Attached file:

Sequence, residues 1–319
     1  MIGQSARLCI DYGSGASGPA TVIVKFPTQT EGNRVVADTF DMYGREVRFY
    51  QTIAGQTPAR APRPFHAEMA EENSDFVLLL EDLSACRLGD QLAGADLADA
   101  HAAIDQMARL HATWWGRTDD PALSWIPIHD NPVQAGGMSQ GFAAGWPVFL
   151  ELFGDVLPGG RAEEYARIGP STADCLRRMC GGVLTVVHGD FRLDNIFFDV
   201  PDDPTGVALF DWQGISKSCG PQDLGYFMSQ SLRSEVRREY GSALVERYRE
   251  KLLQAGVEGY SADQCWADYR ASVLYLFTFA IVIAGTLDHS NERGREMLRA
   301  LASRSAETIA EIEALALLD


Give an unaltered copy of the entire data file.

Sequence, residues 1–319
     1  MIGQSARLCI DYGSGASGPA TVIVKFPTQT EGNRVVADTF DMYGREVRFY
    51  QTIAGQTPAR APRPFHAEMA EENSDFVLLL EDLSACRLGD QLAGADLADA
   101  HAAIDQMARL HATWWGRTDD PALSWIPIHD NPVQAGGMSQ GFAAGWPVFL
   151  ELFGDVLPGG RAEEYARIGP STADCLRRMC GGVLTVVHGD FRLDNIFFDV
   201  PDDPTGVALF DWQGISKSCG PQDLGYFMSQ SLRSEVRREY GSALVERYRE
   251  KLLQAGVEGY SADQCWADYR ASVLYLFTFA IVIAGTLDHS NERGREMLRA
   301  LASRSAETIA EIEALALLD